MLOC Productions Inc. are presenting Camelot at the Phoenix Theatre in Elwood from November 4th to 12th. Following the success of My Fair Lady, Alan Jay Lerner and Frederick Loewe teamed up again to develop this show based on the legend of King Arthur and the Knights of the Round Table.

Camelot begins with the marriage of Guenevere and King Arthur, and the subsequent organisation of Arthur’s Knights of the Round Table. When Sir Lancelot joins the Round Table and becomes friends with Arthur, tensions arise as he and Guenevere fall in love. The conflict between their love for each other and their duty to Arthur grows as they struggle to do the right thing. MLOC’s production stars David Higgins as Arthur, Susie McCann as Guenevere and Peter Phillips as Lancelot, with musical direction from Danny Forward. Directed by MLOC regular Judy Sullivan (in her 14th role as Director for the company, no less!), this production promises to be emotional, entertaining and a lot of fun.

The story of King Arthur and his knights has been adapted and interpreted into many different forms over time, from the novel The Once and Future King by T.H. White, which provided the basis for Lerner and Loewe’s musical, to a Disney feature film, The Sword in the Stone, and the Monty Python-based musical, Spamalot. More recent adaptations include the 2008 British television series Merlin, and the 2011 series, Camelot. Unlike both of these recent adaptations which draw on darker elements of the story, MLOC’s production of Camelot focuses on the love triangle and friendship between the show’s main characters: Arther, Guenevere and Lancelot. Director Judy Sullivan wanted to develop the emotions of the show more fully after seeing the love triangle as ‘static’ in other productions, and was quick to point out that the leading actors “absolutely do justice to the roles and the era.”

As Musical Director Danny Forward pointed out, the Arthurian legends have “something for everyone – romance, drama, passion, swashbuckling battles, magic.” The recent successes of not one, but two television adaptations, Merlin and Camelot, are telling of the timeless appeal of this story. Forward describes the musical as “epic.”

Director Judy Sullivan has a been a fan of the show since the original Australian season in the sixties. Of MLOC’s production, she said that she hopes “that our usual patrons will go away and say this is the best show MLOC has done. The ingredients are all there…intelligent and committed cast, hard working production team. New patrons will be more than pleasantly surprised at the entertainment value.” Sullivan said that previous interpretations of Camelot that she attended were mostly “…sing, speak… get off!” The emotions shown throughout the cast of this production are spirited, and in particular Sullivan hopes to enliven the bawdiness of the period. This includes relocating the song ‘Fie on Goodness’ to take place in a bathhouse, which she said “responds well to the words of the song.”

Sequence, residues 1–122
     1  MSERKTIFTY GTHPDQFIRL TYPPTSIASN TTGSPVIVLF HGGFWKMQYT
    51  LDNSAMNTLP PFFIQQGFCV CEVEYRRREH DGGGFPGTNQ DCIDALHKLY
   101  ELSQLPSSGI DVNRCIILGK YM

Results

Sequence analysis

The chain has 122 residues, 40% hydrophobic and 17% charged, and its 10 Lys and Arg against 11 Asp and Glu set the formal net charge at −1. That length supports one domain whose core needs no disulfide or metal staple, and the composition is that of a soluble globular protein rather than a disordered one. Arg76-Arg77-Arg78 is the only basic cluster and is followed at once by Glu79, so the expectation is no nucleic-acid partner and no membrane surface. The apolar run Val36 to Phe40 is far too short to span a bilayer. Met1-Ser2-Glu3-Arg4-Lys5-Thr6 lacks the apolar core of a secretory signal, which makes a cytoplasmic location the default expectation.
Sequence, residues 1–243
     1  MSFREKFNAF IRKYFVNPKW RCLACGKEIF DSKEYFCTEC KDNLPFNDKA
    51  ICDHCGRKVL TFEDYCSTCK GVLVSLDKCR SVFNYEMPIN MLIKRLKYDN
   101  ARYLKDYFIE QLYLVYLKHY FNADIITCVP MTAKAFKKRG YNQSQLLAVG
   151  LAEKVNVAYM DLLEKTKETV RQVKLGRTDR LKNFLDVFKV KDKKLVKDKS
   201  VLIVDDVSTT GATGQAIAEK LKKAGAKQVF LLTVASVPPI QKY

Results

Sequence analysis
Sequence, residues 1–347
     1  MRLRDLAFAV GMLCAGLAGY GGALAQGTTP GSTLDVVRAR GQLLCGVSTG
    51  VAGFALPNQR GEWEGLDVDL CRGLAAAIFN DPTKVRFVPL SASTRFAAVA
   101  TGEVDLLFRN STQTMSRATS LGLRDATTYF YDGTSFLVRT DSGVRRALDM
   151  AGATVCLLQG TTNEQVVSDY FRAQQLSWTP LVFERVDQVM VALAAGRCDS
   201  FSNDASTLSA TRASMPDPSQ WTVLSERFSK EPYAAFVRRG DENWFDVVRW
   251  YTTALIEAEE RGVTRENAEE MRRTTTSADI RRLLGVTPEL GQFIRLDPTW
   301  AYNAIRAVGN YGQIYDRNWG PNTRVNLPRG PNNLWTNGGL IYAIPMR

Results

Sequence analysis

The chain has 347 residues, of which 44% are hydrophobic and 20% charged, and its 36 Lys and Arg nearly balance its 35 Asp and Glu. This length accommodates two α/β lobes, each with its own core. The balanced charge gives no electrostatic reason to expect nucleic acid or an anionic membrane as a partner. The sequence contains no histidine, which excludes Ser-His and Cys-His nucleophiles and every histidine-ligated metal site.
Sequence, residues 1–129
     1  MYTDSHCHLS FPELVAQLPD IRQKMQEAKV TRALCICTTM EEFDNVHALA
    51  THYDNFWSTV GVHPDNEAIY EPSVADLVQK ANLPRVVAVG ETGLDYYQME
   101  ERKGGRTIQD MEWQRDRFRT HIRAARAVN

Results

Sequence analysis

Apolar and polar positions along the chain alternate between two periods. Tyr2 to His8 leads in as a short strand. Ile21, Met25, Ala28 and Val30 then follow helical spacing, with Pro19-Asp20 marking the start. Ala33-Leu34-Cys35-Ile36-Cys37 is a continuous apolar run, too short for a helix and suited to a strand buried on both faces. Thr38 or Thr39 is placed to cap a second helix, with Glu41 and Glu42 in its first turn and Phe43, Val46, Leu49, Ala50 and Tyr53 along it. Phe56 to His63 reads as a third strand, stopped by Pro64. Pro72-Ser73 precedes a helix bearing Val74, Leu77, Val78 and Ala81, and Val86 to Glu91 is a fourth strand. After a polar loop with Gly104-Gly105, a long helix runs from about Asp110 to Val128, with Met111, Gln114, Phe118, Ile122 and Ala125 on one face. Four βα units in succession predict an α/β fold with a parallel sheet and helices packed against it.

Apart from the intricacies of the love triangle between the three protagonists, Sullivan said “the one thrust of the story, interspersed with Merlin’s ‘magic’, is that here the democratic process was acknowledged and developed. ” In this sense, the Knights of the Round Table are a raw example of early government, built around Arthur. As Sullivan says, “love just happens to get in the way.”

Another MLOC regular, Danny Forward has been Musical Director for previous productions of CATS, Disney’s Beauty and the Beast and, earlier this year, Pippin. Forward’s experience has been one of ‘cutting out the fat’ for a large part, as the show is considered long for today’s standards, even running an hour and half shorter than the original production. As well as cutting out a lot of dance and “seemingly endless processional music,” and paring back the Entr’acte, Forward said over 500 bars faced “the wrath of my soft lead pencil.” Maintaining the integrity of the piece while cutting down on the running time was one of the biggest challenges, as both Forward and Sullivan are great fans of Lerner and Loewe’s score. Forward noted that the score reflects all the fundamental elements of the legends: “the grandeur and majesty of the court, the magic of the enchanted forest, the passion of the love stories, the drama of the tragic resolution. “

Both Forward and Sullivan agreed to reinstate Guenevere’s song, ‘I Loved You Once In Silence,’ which was cut from the original production part-way into the run. Audiences will also be treated to two wonderful ensemble numbers, ‘The Jousts’ and ‘Guenevere.’ Forward said of ‘The Jousts’ in particular, “it’s edge-of-the-seat, nail-biting stuff… it has an amazing energy.”

Both Sullivan and Forward speak very highly of the cast, with Sullivan saying in particular, “I feel so strongly that this cast has grabbed, with both hands, the energy and understanding required for this show.” Susie McCann (Guenevere) said that both directors have been wonderful to work with, and the cast and crew have developed a real sense of community during the rehearsal process.

After 13 shows as Director, Sullivan said, “this is the best production I have had the pleasure of directing for MLOC.” Both Sullivan and Forward admitted there were goose bumps and teary eyes in the room during the Sitzprobe rehearsal, which certainly bodes well for an emotional and entertaining experience.

  •  emily.mercurio / Stage whispers